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Digital Urbanisms Conference

Fri, Oct 11, 2019    9:30am

Digital Urbanisms

The development of urban digital technologies and the deployment of digital information have evolved into a mutually reinforcing feedback loop between distributed sites of data production and extraction, and the planning and design of data-driven and evidence-based landscapes. Mobile social media, networks of sensors, and the ecology of connected devices termed the “Internet of Things,” among others, constitute infrastructures that harvest information, while advancing techniques of analysis and visualization have begun to describe and design sociopolitical and built environments in their image. Digital Urbanisms is a one-day symposium bringing together urban researchers and practitioners – planners, architects, geographers, organizers, and entrepreneurs – to take stock of the digital processes and products shaping cities, their promises, and problems, and discuss alternatives and approaches for operating within and against the uneven spaces they characterize.

This event will be live-streamed check back here on the day of the event for live updates.

AM: Material, Materiel

Infrastructures: Digital Materiality
This session aims to contextualize the conference and ground discussion at the intersection of the digital and material environment and its implications. Topics include the development of urban sensors, the regulation of broadband access and usage, the ubiquity of locative media, and the changing landscape of urban mobility. It will collectively draw out critical tensions (for justice, inclusion, access, privacy, etc.) and the ways that places are designed with and through their embedded technologies.

Nerissa Moray, Associate Director, Planning & Development, Sidewalk Labs
Vinhcent Le, Technology Equity Council, The Greenlining Institute
Tara Pham, Founder and CEO, Numina Co
Mimi Sheller, Director, Center for Mobilities Research and Policy, Professor of Sociology, Drexel University
Moderated by Malo Hutson, Director, Urban Community and Health Equity Lab, Associate Professor, Columbia GSAPP

Datascapes: Systems of Representation
This session questions the analysis and visualization of ‘big, social’ data. It examines the implications and suggestions, as well as its descriptions of social space with the hope of spurring a non-binary discussion of research and practice with respect to urban data and its representation(s) – whether visual, textual, statistical or otherwise conceived and made public.

Laura Bliss, West Coast Bureau Chief, CityLab
Justin Hollander, Professor and Director Urban Attitudes Lab, Urban and Environmental Policy and Planning, Tufts University
Taylor Shelton, Assistant Professor, Geography and GIS, Mississippi State University
Moderated by Mark Wasiuta, Co-Director, Critical, Curatorial and Conceptual Practices, Columbia GSAPP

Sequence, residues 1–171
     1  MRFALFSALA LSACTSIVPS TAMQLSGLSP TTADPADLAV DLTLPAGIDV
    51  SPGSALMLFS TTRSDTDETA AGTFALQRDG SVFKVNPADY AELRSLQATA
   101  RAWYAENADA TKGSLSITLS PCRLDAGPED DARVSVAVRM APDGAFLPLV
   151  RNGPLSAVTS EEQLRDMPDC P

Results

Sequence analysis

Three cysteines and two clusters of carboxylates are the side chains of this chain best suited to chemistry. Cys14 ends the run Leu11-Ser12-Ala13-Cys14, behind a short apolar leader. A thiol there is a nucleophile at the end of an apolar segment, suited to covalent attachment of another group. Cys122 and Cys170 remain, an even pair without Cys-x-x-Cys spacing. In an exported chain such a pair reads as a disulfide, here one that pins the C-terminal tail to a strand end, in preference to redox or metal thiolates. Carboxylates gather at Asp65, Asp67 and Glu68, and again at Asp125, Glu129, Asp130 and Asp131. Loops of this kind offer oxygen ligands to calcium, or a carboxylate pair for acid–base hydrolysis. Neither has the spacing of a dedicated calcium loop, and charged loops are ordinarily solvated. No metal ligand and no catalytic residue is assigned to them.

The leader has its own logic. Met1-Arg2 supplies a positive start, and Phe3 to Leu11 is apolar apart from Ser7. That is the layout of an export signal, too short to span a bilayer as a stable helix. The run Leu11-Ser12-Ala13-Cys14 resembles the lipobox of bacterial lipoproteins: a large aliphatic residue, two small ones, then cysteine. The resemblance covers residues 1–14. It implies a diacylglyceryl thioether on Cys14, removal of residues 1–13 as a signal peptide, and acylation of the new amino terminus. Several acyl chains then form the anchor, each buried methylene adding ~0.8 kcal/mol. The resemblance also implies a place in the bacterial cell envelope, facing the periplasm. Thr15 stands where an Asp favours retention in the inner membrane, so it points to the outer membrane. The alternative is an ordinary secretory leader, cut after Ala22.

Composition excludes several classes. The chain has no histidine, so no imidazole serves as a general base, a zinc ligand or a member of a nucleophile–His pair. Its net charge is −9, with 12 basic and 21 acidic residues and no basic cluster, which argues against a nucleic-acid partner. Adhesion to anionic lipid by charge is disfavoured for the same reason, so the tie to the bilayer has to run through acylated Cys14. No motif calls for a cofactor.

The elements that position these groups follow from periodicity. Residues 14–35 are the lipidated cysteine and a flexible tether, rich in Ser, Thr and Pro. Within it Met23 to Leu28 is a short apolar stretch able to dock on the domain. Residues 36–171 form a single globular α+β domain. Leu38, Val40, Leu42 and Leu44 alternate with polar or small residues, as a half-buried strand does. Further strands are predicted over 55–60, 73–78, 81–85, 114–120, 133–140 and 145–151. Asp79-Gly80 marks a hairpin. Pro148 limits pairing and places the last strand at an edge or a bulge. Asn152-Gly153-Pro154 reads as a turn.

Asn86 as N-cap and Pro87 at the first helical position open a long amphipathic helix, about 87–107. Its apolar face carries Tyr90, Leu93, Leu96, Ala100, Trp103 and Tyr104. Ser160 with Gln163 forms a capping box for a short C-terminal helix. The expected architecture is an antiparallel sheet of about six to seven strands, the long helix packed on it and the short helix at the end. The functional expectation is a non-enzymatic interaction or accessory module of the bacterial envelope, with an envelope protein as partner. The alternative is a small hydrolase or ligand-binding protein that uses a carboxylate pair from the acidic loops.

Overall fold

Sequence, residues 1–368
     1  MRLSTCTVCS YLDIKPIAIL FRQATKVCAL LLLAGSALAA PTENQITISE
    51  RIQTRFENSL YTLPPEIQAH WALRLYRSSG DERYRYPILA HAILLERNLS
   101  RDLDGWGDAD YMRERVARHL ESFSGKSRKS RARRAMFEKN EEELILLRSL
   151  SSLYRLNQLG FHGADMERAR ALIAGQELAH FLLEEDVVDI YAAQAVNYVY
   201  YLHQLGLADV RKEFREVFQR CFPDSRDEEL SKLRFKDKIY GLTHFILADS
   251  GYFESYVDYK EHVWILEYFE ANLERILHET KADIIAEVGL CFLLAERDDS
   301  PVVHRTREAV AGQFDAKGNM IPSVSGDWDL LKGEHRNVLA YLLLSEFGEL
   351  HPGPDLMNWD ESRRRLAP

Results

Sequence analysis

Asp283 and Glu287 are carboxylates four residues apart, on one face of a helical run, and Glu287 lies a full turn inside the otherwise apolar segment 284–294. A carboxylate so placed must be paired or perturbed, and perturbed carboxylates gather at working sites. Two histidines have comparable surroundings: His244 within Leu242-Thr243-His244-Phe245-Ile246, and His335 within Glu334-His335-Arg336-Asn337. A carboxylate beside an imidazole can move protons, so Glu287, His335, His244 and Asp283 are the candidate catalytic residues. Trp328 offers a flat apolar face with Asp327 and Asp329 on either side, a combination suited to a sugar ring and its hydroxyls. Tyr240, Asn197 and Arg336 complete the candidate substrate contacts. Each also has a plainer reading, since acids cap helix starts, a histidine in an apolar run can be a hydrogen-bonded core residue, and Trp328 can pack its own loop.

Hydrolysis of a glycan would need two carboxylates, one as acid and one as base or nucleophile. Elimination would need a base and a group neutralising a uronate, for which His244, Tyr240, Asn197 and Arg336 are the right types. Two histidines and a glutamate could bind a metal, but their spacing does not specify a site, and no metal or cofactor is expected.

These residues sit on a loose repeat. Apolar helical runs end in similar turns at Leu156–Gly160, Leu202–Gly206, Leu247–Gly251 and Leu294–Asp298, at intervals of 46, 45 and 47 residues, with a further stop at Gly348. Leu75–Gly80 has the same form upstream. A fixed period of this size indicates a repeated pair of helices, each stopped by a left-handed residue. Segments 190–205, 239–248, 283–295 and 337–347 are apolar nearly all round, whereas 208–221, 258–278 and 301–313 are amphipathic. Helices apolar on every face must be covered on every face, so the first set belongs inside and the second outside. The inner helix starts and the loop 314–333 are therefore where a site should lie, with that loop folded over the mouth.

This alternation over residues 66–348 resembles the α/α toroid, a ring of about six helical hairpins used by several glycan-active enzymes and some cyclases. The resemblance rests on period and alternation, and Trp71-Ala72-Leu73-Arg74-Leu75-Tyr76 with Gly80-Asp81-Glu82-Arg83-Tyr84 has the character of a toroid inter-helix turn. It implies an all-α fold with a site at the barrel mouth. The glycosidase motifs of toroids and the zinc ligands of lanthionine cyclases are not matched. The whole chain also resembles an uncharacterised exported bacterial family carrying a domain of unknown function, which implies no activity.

PM: Information, Action

The afternoon keynote and panels build upon morning’s conversation with presentations centered around the implications of these technologies.

Keynote to by Ruha Benjamin, Associate Professor, African American Studies, Princeton University. Response by Leah Meisterlin.

Data and Democracy
This session explores the implications of urban digital tech and data usage for public participation, engagement, citizenship, and inclusion. This dialogue between panelists in a range of different fields aims to raise questions and critique as well as highlight practices and opportunities for action, intervention, and organizing.

Greta Byrum, Co-Director, Digital Equity Laboratory, The New School
Janice Gates, Director for the Equitable Internet Initiative, Detroit Community Technology Project
Renee Sieber, Associate Professor, Geography, McGill University
Moderated by Susan McGregor, Assistant Director, Tow Center for Digital Journalism, Assistant Professor, Columbia Journalism School

Methodologies and Media
This is a conversation on hybridity – engaged and situated research as a mode of practice; design and visualization as modes of urban research – from different spatial disciplines and perspectives which explore the epistemologies of digital or data-driven tools and techniques and their implications for the spaces, places, and claims produced.

Craig Dalton, Assistant Professor of Global Studies and Geography, Hofstra University
Annette Kim, Associate Professor and Director Spatial Analysis Lab, Price School of Public Policy, University of Southern California
Mark Shepard, Associate Professor and Director of Media Arts and Architecture Program, University at Buffalo
Moderated by Laura Kurgan, Director, Center for Spatial Research, Professor, Columbia GSAPP

Reception and Book Signing
Ruha Benjamin’s publications Race After Technology: Abolitionist Tools for the New Jim Code (Polity 2019) and Captivating Technology: Race, Carceral Technoscience, and Liberatory Imagination in Everyday Life (Duke University Press 2019) will be available for sale and signing.

Organized by Leah Meisterlin, Assistant Professor Columbia GSAPP.
Free and open to the public with Advanced registration is encouraged but does not guarantee seating. Seating is limited and first-come, first-served. Register Here.

View the complete event program and speaker biographies here.

Digital Urbanisms

Part 1